he might have added, by all Europe, who by that means are all absolute,
excepting England, because the late king Charles I who attempted it, did
not succeed; and because our author’s "Right Constitution of a
Commonwealth" did not succeed: if it had, Oliver Cromwell and his
descendants would have been emperors of Old England as the Caesars were
of Old Rome.

The militia and sovereignty are inseparable. In the English
constitution, if the whole nation were a militia, there would be a
militia to defend the crown, the lords, or the commons, if either were
attacked: the crown, though it commands them, has no power to use them
improperly, because it cannot pay or subsist them without the consent of
the lords and commons; but if the militia are to obey a sovereignty in a
single assembly, it is commanded, paid, and subsisted, by the vote of a
majority; the militia then must all obey the sovereign majority, or
divide, and part follow the majority, and part the minority.

This last case is civil war; but until it comes to this, the whole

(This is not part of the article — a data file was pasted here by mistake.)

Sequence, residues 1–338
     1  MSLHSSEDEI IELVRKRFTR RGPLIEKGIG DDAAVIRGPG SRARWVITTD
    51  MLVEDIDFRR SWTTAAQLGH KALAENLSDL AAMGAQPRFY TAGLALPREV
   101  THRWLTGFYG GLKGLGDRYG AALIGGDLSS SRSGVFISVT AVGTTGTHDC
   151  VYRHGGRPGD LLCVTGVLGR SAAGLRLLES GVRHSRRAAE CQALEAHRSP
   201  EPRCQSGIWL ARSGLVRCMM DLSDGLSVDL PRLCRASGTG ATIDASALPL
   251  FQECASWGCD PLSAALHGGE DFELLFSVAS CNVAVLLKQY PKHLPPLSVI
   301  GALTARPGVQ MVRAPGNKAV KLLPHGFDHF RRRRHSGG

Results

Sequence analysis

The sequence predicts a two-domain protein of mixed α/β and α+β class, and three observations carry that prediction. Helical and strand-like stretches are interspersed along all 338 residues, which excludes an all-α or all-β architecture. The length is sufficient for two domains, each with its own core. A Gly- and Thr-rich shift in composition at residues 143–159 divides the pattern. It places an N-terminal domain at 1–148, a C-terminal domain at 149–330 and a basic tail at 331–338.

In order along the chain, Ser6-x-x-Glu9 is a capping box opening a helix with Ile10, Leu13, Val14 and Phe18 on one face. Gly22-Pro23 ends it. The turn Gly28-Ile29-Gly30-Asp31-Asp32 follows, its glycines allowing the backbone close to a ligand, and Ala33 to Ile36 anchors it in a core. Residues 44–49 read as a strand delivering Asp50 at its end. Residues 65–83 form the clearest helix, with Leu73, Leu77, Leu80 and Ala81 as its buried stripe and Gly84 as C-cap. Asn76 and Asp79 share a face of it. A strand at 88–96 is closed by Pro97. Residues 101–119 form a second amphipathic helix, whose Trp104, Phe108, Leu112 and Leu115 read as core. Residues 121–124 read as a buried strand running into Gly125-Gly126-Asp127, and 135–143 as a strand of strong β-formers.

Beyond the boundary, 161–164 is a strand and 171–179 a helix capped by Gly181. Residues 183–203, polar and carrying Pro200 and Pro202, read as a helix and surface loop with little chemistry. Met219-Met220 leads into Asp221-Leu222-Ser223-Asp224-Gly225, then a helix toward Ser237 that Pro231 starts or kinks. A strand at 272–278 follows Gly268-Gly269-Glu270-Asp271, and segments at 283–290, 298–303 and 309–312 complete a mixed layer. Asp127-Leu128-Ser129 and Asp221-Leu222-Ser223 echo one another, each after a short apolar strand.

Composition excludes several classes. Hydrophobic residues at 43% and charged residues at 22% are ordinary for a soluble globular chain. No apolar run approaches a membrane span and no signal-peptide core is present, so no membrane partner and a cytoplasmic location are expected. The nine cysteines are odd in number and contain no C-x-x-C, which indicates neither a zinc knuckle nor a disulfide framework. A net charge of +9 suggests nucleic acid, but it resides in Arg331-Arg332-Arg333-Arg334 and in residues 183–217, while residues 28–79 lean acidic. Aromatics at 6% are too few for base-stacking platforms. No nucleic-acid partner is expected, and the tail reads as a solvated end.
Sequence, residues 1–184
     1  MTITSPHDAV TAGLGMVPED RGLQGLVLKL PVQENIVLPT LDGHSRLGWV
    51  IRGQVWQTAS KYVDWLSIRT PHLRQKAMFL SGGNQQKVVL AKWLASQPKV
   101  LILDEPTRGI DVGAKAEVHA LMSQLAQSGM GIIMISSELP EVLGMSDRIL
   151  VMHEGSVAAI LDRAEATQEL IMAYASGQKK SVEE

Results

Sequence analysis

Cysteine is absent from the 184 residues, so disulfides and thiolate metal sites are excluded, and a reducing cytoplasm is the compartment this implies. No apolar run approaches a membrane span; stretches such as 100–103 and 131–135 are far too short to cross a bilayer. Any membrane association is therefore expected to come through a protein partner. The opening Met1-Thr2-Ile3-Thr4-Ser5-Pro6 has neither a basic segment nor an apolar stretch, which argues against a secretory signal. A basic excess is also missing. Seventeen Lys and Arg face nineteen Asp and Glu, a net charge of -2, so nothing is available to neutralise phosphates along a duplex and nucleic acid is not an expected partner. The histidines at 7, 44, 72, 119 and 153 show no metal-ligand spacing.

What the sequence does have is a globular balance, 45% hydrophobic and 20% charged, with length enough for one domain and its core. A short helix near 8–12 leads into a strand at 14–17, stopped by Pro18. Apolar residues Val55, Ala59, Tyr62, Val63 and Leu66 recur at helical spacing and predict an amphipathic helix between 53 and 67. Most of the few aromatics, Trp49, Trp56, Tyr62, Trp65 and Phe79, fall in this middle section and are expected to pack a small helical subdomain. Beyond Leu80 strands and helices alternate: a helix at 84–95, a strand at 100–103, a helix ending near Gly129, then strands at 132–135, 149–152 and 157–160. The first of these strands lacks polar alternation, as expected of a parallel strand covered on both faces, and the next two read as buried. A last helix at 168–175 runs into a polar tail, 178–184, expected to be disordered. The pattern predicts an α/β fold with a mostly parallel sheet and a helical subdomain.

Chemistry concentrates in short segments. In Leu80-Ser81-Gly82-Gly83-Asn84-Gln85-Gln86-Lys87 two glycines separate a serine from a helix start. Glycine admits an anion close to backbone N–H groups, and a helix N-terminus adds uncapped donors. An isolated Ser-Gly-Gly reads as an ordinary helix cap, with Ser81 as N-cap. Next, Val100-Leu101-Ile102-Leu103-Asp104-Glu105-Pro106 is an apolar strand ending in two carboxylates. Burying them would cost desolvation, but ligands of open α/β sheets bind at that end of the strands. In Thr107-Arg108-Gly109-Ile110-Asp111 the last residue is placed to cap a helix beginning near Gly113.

militia may be employed by the majority in any degree of tyranny and
opression over the minority. The constitution furnishes no resource or
remedy; nothing affords a chance of relief but rebellion and civil war:
if this terminates in favour of the minority, they will tyrannize in
their turns, exasperated by revenge, in addition to ambition and
avarice; if the majority prevail, their domination becomes more cruel,
and soon ends in one despot.

It must be made a sacred maxim, that the militia obey the executive
power, which represents the whole people in the execution of laws. To
suppose arms in the hands of citizens, to be used at individual
discretion, except in private self-defence, or by partial orders of
towns, counties, or districts of a state, is to demolish every
constitution, and lay the laws prostrate, so that liberty can be enjoyed
by no man-it is a dissolution of the government.

The fundamental law of the militia is, that it be created, directed, and
commanded by the laws, and ever for the support of the laws. This truth
is acknowledged by our author, when he says, "the arms of the
commonwealth should be lodged in the hands of that part of the people
which are firm to its establishment."

A Defence of the Constitutions of Government of the United States of
John Adams, L.L.D.
Volume III
Printed for C. Dilly, in the poultry; and John Stockdale, Piccadilly
Pages 471-475

Reprint by:
Da Capo Press
New York